Love it or hate it, daylight savings time is here once again. And as we all know, it’s going to mess with us in some weird ways.
Showing up to meetings at the wrong time. Looking outside and thinking, “dark already?”. Your body feels stiff and your mind woozy.
Thankfully, you’ve got a secret weapon: coffee! Let’s discuss some ways you can use your daily coffee ritual to smooth out the weirdness of “falling back” or “springing forward”.
We’ll quickly cover things like…
- Negative effects of daylight savings (and how to avoid them)
- The best time of the day to drink coffee for max waking efficiency
- Light vs dark roasts… which is more caffeinated?
Ready to have an easier transition this year?
Daylight Savings Is A Giant Collective “Off Day”
The bi-annual ritual of “changing the clocks” goes back to the late 1700s as a way to use daylight hours more efficiently. It’s always been about maximizing productivity—but it turns out, there are some not-so-productive negative impacts too.
The big one is getting thrown off your circadian rhythm. Your body’s internal clock is smart. It can wake you up, put you to sleep, and even regulate energy throughout the day. But messing with it (by randomly waking up an hour early or late, for example) can spell trouble.
It’s bad enough when you’re having an off day.
But with Daylight Savings, everyone is having an off day.
Spring is the most dangerous time, when an hour of sleep is lost. Rates of heart attacks and car crashes increase as a result of lost sleep. In the Fall, the extra hour of sleep reduces heart attacks and car crashes for a few days, but you still feel all out of sorts.
No matter the time of year, there are some clever ways you can use your coffee ritual to smooth out the rough edges and feel back to normal faster.
When To Drink Coffee For The Best Natural Boost
Back to your circadian rhythm. At various points of the day, you hit natural peaks in energy and alertness. There are also regular intervals of low energy points. So if you’re wondering why you’re always tired around 3 PM in the afternoon… well, it’s natural.
These ups and downs are largely thanks to the hormone ‘cortisol’, which is produced in your brain in a mostly-reliable pattern, like clockwork.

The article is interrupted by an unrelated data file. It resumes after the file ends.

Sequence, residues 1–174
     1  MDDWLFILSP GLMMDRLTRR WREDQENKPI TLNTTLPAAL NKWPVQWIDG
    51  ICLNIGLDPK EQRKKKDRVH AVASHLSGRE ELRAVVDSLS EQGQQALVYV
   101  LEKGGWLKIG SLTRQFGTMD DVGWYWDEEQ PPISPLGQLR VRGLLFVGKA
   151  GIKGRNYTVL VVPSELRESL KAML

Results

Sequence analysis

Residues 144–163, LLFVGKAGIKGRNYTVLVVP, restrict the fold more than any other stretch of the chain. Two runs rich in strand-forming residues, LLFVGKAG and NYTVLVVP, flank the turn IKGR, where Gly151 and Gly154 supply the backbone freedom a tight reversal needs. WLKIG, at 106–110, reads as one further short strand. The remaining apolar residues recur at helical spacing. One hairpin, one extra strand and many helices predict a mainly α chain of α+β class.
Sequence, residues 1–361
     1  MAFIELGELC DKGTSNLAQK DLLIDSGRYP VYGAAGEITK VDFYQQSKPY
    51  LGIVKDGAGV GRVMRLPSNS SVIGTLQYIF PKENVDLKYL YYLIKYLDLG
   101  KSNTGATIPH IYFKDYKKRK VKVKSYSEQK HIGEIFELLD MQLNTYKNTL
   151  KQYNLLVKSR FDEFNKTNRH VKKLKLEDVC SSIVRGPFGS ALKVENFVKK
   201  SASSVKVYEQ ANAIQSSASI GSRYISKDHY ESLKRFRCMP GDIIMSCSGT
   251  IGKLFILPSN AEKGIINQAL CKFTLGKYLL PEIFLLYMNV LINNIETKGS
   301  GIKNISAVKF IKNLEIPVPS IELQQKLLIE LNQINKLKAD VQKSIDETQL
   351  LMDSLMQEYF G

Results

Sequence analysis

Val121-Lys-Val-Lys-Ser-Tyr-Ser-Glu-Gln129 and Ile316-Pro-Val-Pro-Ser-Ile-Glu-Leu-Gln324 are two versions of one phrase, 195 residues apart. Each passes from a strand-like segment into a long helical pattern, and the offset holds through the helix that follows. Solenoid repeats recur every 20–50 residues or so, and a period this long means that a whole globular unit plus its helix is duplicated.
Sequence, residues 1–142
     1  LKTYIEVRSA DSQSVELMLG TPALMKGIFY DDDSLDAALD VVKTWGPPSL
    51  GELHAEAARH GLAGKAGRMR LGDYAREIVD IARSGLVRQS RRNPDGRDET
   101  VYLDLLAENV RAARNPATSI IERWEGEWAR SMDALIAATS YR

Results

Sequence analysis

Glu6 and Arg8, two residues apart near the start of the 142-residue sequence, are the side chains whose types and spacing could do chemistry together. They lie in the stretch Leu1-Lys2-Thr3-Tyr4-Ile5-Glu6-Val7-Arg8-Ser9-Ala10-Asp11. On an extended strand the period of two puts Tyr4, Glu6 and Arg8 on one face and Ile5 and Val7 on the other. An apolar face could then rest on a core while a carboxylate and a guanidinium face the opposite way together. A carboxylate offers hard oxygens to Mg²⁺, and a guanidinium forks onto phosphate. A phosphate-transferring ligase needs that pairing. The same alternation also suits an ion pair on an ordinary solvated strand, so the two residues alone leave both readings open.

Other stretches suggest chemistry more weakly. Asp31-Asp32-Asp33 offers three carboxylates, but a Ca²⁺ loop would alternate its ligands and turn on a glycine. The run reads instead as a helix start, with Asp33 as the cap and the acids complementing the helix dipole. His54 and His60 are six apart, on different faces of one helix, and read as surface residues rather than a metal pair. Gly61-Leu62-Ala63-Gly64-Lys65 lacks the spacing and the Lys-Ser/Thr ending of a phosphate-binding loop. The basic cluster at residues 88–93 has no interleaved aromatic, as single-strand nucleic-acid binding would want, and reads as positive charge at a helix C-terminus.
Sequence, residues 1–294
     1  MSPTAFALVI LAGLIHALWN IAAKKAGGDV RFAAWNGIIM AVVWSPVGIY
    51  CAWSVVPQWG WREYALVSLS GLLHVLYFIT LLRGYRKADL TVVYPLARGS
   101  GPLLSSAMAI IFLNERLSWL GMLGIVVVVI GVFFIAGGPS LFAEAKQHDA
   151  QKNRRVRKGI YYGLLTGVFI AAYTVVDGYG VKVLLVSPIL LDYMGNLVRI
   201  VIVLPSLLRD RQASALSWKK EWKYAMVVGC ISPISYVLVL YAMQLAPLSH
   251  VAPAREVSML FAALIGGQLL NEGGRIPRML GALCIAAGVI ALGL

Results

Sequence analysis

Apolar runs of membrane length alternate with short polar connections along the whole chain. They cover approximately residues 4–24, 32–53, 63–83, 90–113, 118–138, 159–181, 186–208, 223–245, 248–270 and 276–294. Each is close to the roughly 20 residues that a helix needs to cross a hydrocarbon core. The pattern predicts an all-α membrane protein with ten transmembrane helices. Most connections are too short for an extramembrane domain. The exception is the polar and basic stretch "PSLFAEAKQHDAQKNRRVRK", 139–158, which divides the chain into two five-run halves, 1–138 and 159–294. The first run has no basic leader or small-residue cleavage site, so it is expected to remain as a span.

When you produce cortisol, you hit those natural peaks in alertness. During this time, the caffeine in coffee actually doesn’t affect you very much, since you’re already alert. These peaks tend to happen right around these timeframes:
- 8 AM to 9 AM
- 12 AM to 1 PM
- 5:30 PM to 6:30 PM
When your brain takes a break from producing cortisol, you get sluggish and tired. These natural lows are the best time to drink coffee, because it’s when the caffeine will have a noticeable impact on how you feel. These timeframes are:
- 9 AM to 11 AM
- 1 PM to 5 PM
Here’s how you can use your natural rhythms to your advantage in both the spring and the fall when it’s time to change the clocks:
- Don’t drink coffee after 5 a few days before. Daylight Savings triggers lower sleep levels around the world, and doctors recommend making sure you get a full night’s sleep to help counteract the sleeping time disruption. Make sure you don’t drink any late-afternoon cups of coffee—those will make it harder to sleep deeply throughout the night.
- Don’t drink coffee first thing when you wake up. Your body will produce cortisol right when you wake up like normal. You want to drink coffee right as your natural cortisol levels are dipping, an hour or so after you awake. This helps avoid a harder crash.
- Get a little pick-me-up early afternoon. If you’re a morning-only coffee drinker, go ahead and splurge on a second cup in the early afternoon, somewhere between 1 PM and 5 PM. Once again, your cortisol crashes will be a little harder since your rhythm will be abnormal, and the coffee will help balance things out.
🔥 Pro Tip: We made the ESPRO Ultralight Press the lightest portable french press in the world so you can quickly make a delicious cup of coffee. Whether you’re working from home or at the office, it’s a super-easy way to get that quick afternoon mug in.
If you follow these tips, you’ll find yourself less groggy than you might have expected—and you’ll be fully alert to giggle at your cranky family and co-workers who didn’t catch the memo.
Light vs Dark Roasts: Is It Better To Drink One Over The Other?
We’ve been asked before if it would be better to drink light roast coffee, since it has more caffeine than dark roast coffee (or so it is commonly believed).
Dark roasts and light roasts, however, have virtually the same caffeine levels. If you weigh out the exact same amount of coffee beans on a scale, then use fancy science gear to measure the caffeine down to the milligram, you wouldn’t detect a meaningful difference.
However, there is a kernel of truth to the myth. Light roast beans are more dense and smaller than dark roast beans. Since they take up less space, you can technically get more dense coffee particles in a single scoop (if you’re measuring by volume, not weight). And that would have the result of you getting more caffeine in your cup.
Yeah, it can be a little confusing. Here’s a recap:
- Measuring by Weight — No difference in caffeine, because bean density and size don’t matter. It’s all about the mass of the beans (weight).
- Measuring by Volume — Light roast will have slightly more caffeine, because it’s more densely packed into each particle, so each scoop will technically have more coffee.
All that said, unless you drink 4 cups of coffee each morning, you probably won’t notice any difference at all. We ultimately don’t think it matters what coffee roast level you drink.
We believe it’s better to focus on the whole experience of making delicious coffee you love.
Brewing coffee by hand—smelling those ultra-fresh aromas rise from your pour over or french press below. Nothing beats it. It’s the best way to get your day started, Daylight Savings or not.
👉 We invite you to brew better coffee with us.